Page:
This startup can turn almost any bicycle into an e-bike

Welcome to the e-bike revolution.
Loukia Papadopoulos
A swytch bike in action.jpg
A swytch bike in action.

Swytch bike/Twitter 

London-based startup Swytch Bike offers kits that allow users to convert almost any bicycle into a motor-assisted electric ride, according to a report written by Bloomberg's Ira Boudway and published on Wednesday.

Boudway tried the user-friendly kit himself and shared his experience.

Today e-bikes have become so mainstream that conversion kits have largely been relegated to niche status. However, Swytch is hoping to reach a much wider target market: anybody with a bicycle. 

The firm's kits, which start at $500 for a 98-watt-hour battery version and run up to $800 for a 180Wh battery, sold out this fall. The easy-to-install kits offer a way for consumers to join the e-bike boom with minimal disruption, cost or carbon footprint. 

Really easy to do

"It's really easy to do," Swytch co-founder and Chief Executive Officer Oliver Montague told Bloomberg during an interview in October. "And it'll save you a lot of money."

His business and its accompanying transformative kits began when Montague was an engineering student at Oxford University in 2012. He started a small startup building and selling e-bikes and conversion kits online.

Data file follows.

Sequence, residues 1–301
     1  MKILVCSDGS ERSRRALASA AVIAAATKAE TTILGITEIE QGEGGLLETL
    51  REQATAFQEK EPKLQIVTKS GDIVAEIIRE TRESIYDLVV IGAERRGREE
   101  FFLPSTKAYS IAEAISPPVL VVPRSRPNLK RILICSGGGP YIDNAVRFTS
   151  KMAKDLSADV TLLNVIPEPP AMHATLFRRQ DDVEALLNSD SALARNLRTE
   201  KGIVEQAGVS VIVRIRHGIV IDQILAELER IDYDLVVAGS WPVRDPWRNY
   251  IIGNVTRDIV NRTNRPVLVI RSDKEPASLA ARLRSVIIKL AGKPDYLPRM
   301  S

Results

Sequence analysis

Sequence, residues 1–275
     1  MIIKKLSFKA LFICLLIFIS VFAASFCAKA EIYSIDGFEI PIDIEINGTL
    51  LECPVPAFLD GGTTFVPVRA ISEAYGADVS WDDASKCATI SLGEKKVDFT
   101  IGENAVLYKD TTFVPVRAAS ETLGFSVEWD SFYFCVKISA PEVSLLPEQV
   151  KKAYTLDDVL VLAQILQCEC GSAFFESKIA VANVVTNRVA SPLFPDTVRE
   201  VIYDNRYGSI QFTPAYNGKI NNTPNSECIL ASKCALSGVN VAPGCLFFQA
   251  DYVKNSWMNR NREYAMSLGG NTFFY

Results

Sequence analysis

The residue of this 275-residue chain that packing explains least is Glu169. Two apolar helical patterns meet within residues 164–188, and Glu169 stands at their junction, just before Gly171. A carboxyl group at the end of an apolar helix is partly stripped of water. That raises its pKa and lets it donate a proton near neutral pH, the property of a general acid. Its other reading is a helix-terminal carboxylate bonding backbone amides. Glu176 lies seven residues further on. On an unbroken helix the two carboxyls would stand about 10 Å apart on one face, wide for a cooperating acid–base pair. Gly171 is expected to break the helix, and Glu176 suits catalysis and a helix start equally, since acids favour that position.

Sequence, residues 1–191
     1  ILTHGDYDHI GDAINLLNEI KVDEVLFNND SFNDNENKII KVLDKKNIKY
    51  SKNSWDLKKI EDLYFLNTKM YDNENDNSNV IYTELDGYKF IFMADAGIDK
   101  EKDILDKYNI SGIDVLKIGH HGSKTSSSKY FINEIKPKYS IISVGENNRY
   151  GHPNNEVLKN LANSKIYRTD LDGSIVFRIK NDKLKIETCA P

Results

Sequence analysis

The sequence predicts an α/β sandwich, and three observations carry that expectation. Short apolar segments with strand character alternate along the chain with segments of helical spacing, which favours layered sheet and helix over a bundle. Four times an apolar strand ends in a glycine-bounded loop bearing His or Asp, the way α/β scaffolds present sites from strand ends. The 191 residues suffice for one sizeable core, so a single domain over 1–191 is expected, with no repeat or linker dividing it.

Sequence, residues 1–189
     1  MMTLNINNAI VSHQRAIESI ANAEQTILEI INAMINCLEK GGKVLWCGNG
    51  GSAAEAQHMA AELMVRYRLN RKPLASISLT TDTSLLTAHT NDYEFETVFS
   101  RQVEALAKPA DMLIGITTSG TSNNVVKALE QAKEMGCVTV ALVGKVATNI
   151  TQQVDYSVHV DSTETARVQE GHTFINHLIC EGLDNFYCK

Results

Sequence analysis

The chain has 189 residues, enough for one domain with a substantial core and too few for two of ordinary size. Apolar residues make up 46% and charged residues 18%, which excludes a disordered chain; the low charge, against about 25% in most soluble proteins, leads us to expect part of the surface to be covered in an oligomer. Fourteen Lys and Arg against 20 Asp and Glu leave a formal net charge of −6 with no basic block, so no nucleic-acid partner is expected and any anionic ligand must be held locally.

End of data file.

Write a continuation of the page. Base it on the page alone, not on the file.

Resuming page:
This initiative led him to stock hundreds of different pieces of hardware made to work with different models and sizes of bikes. 

"The problem that drove me to the first version of the Swytch kit prototype was just trying to simplify my online shop," he said.

Five years later, Montague co-founded Swytch with his now-wife Hayley, 40, and chief technology officer Dmitro Khroma, 27, using a crowdfunding campaign. 

Swytch has now raised about $6 million and expects to ship around 30,000 units this year alone. The company boasts about 70 employees and revenues of roughly $20 million.

A user-friendly experience

Montague often claims that anybody who can change a bicycle tire is qualified to use a Swytch kit, and Boudway testified in his article that this fact seemed to be true.

"I managed to install the kit on my own. I bolted on Swytch's front wheel, which has a 250-watt motor in the hub; mounted the battery rack to my handlebars using a hex wrench; attached the stick-on pedal sensor to my bike's frame; zip-tied the corresponding magnetic disc to one pedal crank; mounted the controller on the handlebars; attached all the wires to the battery mount and zip-tied them all along the bike's frame," explained Boudway.

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Boudway further noted that everything in the Swytch kit comes off and on easily, and nothing prevents the bike from being ridden without power from the motor. 

"With full-on electric bikes, if the battery's dead, you're never going to ride that thing," Montague said. "With a Swytch bike, if you take the battery off, it's still a bike. It weighs the same, rides the same, handles the same."

Montague further added that besides the practicality of his kits there is also a joy to creating your own e-bike. "It's quite a fun little project to do," he said.

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